When it comes to materiality, the majority of the original materials are still in the building today. Materials used include: Alabama limestone, glazing, granite, copper, bronze, Carrara marble, carpet, cherry plywood panels and Brazilian rosewood. The performing arts venue is very diverse in its range of materials and employs them in such a way that they are not overshadowed by the unique forms of the building.[citation needed]

The interior also features a grand double-height foyer with coffered ceilings, a 30 metres (98 ft) wide mural by the famous Toronto-born artist York Wilson, cantilevered stairs, polished bronze auditorium doors, and a fan-shaped auditorium with a curving balcony.[citation needed]

See also[edit]

Other performing arts venues in the city include:


  1. ^ "TOLive Portal". Retrieved 2022-10-21.
  2. ^ "TO Live". City of Toronto. 25 August 2017. Retrieved 25 November 2021.
  3. ^ "3 Venues. 1 Community. Countless Experiences". TO Live. Retrieved 25 November 2021.
  4. ^ a b Renzetti, Elizabeth (3 February 1996). "Say good-bye to the O'Keefe Centre". The Globe and Mail. Toronto. pp. A10.
  5. ^ a b "Hummingbird Centre now Sony Centre". Toronto Star. 7 September 2007. Retrieved September 6, 2013.
  6. ^ "Watkiss, Ulli S., comp. O'Keefe Centre. Rep. Toronto, 2008. 1 Front Street East O'Keefe Centre. City of Toronto, 25 June 2008". Archived from the original on 14 October 2012. Retrieved 18 October 2010.
  7. ^ "Toronto's amazing intersection at Yonge and Front Streets". Historic Toronto. 25 March 2013. Retrieved September 15, 2019.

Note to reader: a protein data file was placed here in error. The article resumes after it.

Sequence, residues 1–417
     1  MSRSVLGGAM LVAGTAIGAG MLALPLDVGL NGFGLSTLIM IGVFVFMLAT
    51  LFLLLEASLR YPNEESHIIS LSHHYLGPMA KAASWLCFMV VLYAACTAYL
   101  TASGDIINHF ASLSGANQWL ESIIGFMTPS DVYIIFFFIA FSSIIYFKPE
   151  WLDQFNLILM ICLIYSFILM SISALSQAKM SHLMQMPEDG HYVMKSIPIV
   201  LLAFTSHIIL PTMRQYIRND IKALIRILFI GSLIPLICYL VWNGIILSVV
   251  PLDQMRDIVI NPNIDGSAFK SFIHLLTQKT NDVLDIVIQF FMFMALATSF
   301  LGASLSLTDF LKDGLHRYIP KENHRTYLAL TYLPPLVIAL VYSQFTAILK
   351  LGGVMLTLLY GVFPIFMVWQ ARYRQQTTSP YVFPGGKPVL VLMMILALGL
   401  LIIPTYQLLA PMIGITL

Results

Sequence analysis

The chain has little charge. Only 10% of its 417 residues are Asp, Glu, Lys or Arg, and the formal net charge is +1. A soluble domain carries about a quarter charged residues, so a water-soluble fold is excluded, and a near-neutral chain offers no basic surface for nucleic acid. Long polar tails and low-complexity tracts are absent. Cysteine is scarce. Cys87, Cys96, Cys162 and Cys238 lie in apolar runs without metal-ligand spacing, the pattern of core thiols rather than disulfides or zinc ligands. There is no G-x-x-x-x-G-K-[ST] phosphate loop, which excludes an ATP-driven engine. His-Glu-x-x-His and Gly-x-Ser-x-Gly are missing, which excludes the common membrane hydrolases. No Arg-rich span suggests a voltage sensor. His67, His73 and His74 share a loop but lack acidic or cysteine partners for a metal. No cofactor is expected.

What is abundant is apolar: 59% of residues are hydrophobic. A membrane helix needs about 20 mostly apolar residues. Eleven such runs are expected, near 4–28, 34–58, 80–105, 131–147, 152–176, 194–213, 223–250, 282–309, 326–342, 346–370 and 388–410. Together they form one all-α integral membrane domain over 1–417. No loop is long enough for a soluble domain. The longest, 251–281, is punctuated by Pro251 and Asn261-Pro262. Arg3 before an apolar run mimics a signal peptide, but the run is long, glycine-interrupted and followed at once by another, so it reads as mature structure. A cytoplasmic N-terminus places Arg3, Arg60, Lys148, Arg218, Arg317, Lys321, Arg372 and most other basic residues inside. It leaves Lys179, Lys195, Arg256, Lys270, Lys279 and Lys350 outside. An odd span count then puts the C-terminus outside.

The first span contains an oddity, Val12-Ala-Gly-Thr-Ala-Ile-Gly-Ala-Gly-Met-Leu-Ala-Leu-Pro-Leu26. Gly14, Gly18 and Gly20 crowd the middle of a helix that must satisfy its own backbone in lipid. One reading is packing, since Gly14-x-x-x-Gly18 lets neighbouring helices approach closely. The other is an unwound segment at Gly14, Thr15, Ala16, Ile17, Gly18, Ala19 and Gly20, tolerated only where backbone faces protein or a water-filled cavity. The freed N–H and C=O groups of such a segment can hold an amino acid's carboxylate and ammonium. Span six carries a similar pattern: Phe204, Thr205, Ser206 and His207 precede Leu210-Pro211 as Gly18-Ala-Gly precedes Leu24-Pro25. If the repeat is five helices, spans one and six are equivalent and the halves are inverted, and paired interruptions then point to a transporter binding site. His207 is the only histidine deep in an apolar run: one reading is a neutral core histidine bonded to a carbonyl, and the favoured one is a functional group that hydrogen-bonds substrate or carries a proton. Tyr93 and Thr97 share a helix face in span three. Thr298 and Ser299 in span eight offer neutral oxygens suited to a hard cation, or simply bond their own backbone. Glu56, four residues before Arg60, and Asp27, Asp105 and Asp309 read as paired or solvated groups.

8. ^ Rohmer, Richard (1978). E. P. Taylor: The Biography of Edward Plunket Taylor. McClelland and Stewart. p. 239. ISBN 978-0-7710-7709-8.
  9. ^ "Grateful Dead Live at O'Keefe Centre on 1967-08-04". 4 August 1967. Retrieved 15 September 2019.
  10. ^ "The history of the O'Keefe Centre in Toronto when it was the place to play". TO Blog. 27 October 2012. Retrieved 25 November 2021.
  11. ^ Knelman, Martin (5 October 2010). "Baryshnikov's defection is one for the books". Toronto Star.
  12. ^ "Hummingbird to sing a new tune". The Globe and Mail. Toronto. 18 March 2009. Retrieved September 6, 2013. The O'Keefe became the Hummingbird when the head of Toronto-based Hummingbird Ltd., Fred Sorkin, pledged $5-million to help cover the costs of some badly needed renovations to the centre.
  13. ^ "Open Text Acquires Hummingbird" (Press release). OpenText. 2 October 2006. Retrieved 25 November 2021.
  14. ^ Cullman, Roger (28 September 2010). "Sony Centre For The Performing Arts reopens". Blog TO. Retrieved 25 November 2021.
  15. ^ "Philip Glass brings Einstein on the Beach to Toronto". CBC News. 8 June 2012. Retrieved 25 November 2021.
  16. ^ "Sony Centre for the Performing Arts to become Meridian Hall in September". To Do Canada. 21 January 2019. Retrieved 25 November 2021. The Sony Centre for the Performing Arts will be become Meridian Hall and Toronto Centre for the Arts in North York, Meridian Arts Centre from September 15, 2019.
  17. ^ Lozowska, Marianna (January 21, 2019). "Sony Centre will be renamed Meridian Hall". NOW Magazine. Retrieved September 15, 2019. On January 21, Mayor John Tory announced that arts organization Civic Theatres Toronto has struck a $30.75 million, 15-year partnership with Ontario's largest credit union that will result in Sony Centre for the Performing Arts rebranded as Meridian Hall and the Toronto Centre for the Arts renamed Meridian Arts Centre. The name changes will take effect on September 15.
  18. ^ Mudhar, Raju (January 21, 2019). "Meridian Credit Union buys naming rights for Sony Centre and Toronto Centre for the Arts". Toronto Star. Retrieved September 15, 2019. Beginning in September, the Sony Centre will be renamed Meridian Hall and the Toronto Centre for the Arts in North York will become the Meridian Arts Centre as part of a $30.75-million deal with the city.
  19. ^ (Canadian Architect 18)[full citation needed]


Further reading[edit]

  • O'Keefe, John. "Sound Strategies." Canadian Architect 43.3 (March 1998): 18-19
  • "The O'Keefe Centre for the Performing Arts, Toronto." Royal Architectural Institute of Canada 37 (Nov 1960): 461-488

External links[edit]